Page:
Single-step implementation of a multiple-target-qubit controlled phase gate without need of classical pulses

Single-step implementation of a multiple-target-qubit controlled phase gate without need of classical pulses

Abstract

We propose a simple method for realizing a multiqubit phase gate of one qubit simultaneously controlling target qubits, by using three-level quantum systems (i.e., qutrits) coupled to a cavity or resonator. The gate can be implemented using one operational step and without need of classical pulses, and no photon is populated during the operation. Thus, the gate operation is greatly simplified and decoherence from the cavity decay is much reduced, when compared with the previous proposals. In addition, the operation time is independent of the number of qubits and no adjustment of the qutrit level spacings or the cavity frequency is needed during the operation.

pacs:
03.67.Lx, 42.50.Dv

Multiple qubit gates have many applications in quantum information processing (QIP). A multiqubit gate can be decomposed into two-qubit and one-qubit gates and thus can in principle be constructed using these basic gates. However, the number of basic gates increases dramatically as the number of qubits increases. Thus, it becomes difficult to build a multiqubit gate by using the conventional gate-decomposition protocol. Over the past years, many efficient schemes have been proposed for the direct implementation of a multiqubit controlled-phase or controlled-NOT gate with multiple-control qubits acting on one target qubit (e.g., [1-5]). This type of multiqubit gate plays significant roles in QIP, such as quantum algorithms and error corrections.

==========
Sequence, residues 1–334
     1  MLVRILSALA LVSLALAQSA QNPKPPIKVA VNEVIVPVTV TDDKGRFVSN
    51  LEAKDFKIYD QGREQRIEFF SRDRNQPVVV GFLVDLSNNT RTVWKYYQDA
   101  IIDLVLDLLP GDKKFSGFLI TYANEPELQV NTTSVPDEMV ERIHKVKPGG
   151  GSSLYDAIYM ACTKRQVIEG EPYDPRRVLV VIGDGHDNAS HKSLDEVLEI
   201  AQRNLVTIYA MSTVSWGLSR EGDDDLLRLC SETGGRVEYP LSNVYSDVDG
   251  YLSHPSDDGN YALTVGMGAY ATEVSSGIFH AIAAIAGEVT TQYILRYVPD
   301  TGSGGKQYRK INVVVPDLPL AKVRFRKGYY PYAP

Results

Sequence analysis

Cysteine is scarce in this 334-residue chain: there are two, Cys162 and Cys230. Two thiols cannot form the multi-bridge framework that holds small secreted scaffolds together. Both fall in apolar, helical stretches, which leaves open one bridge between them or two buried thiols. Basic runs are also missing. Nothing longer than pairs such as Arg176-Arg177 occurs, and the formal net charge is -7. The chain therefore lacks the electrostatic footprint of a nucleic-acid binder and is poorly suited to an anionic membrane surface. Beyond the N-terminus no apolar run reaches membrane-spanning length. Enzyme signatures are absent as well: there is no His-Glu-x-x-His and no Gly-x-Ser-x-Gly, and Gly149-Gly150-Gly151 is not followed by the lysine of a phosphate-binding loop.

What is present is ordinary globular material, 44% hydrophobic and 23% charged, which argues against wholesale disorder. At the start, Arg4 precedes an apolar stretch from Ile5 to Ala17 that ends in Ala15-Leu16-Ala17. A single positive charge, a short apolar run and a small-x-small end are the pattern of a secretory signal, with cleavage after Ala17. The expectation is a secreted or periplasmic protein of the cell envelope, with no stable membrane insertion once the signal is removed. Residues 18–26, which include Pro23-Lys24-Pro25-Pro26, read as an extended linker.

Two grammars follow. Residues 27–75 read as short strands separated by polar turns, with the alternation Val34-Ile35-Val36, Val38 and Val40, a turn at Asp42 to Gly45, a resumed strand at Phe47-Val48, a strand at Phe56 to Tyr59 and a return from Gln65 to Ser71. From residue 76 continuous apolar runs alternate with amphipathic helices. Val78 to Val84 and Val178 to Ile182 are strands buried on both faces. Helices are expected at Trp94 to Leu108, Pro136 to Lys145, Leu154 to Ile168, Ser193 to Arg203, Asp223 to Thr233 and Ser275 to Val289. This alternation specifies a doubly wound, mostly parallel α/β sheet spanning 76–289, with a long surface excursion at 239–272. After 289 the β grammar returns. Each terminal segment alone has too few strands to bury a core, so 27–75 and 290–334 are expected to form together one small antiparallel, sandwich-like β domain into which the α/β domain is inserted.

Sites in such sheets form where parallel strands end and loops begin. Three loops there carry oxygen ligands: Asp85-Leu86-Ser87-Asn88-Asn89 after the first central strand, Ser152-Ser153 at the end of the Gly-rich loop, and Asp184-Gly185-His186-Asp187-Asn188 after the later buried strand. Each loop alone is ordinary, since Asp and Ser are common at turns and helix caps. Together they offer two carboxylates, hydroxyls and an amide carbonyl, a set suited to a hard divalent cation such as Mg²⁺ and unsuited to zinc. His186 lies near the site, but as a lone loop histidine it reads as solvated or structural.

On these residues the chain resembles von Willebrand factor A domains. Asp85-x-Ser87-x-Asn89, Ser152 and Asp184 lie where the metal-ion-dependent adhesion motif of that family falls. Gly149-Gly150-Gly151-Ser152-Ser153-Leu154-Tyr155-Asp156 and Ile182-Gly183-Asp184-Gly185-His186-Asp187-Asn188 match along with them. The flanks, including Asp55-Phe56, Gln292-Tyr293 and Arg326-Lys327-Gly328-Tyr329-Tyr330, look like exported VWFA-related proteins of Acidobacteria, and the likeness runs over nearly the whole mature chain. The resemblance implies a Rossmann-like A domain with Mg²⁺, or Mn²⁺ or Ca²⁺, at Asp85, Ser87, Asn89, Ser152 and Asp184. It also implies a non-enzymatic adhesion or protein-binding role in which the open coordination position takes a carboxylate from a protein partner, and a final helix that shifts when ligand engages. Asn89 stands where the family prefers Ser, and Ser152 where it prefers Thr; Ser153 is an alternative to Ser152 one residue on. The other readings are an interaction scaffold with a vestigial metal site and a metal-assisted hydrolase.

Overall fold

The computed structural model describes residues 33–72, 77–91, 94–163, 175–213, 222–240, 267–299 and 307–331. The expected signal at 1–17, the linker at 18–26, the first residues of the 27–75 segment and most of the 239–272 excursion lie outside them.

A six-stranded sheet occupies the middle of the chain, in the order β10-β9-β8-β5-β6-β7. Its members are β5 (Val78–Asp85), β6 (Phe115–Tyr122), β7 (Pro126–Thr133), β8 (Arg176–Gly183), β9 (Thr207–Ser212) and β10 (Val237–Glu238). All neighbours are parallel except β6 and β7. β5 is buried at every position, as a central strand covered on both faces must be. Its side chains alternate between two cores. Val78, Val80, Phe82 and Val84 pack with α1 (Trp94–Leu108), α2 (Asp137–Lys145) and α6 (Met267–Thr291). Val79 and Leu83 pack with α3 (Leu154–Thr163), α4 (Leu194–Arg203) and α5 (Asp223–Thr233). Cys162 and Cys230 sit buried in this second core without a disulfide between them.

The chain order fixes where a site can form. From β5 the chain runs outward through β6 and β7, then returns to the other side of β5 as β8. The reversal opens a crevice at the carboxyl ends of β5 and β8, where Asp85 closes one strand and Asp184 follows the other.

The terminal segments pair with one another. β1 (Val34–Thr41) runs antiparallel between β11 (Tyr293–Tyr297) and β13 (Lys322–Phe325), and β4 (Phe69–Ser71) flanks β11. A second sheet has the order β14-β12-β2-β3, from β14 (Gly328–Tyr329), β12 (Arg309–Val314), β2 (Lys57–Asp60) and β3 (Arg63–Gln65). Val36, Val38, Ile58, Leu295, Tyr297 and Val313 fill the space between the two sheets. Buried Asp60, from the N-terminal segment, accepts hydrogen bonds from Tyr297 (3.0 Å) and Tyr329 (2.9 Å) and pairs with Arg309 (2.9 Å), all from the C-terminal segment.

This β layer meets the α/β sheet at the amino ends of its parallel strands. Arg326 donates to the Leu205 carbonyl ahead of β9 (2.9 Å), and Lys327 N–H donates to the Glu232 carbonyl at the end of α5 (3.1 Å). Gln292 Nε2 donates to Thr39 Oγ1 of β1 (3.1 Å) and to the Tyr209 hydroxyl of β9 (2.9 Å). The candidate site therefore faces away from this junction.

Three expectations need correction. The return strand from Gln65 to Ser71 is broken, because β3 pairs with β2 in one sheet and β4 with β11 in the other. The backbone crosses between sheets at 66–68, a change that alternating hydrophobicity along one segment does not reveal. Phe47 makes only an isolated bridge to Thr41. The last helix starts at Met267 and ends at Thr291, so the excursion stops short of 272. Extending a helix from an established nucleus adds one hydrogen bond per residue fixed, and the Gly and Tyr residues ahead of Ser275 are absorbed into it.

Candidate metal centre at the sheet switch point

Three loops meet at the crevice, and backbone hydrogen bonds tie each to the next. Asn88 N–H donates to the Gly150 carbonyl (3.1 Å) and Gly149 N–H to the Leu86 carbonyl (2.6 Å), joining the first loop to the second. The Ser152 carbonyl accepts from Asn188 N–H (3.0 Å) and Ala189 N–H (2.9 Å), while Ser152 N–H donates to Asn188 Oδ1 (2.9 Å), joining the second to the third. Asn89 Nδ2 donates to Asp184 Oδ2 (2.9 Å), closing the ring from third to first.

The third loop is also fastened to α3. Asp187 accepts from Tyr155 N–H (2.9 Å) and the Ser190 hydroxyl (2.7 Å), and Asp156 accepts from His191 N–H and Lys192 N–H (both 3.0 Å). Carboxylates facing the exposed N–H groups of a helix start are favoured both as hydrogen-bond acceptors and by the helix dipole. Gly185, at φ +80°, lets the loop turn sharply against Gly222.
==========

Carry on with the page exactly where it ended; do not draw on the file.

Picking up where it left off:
We here focus on another type of multiqubit gates, that is, a multiqubit phase gate with one control qubit simultaneously controlling multiple target qubits. This multiqubit phase gate is described by

(1)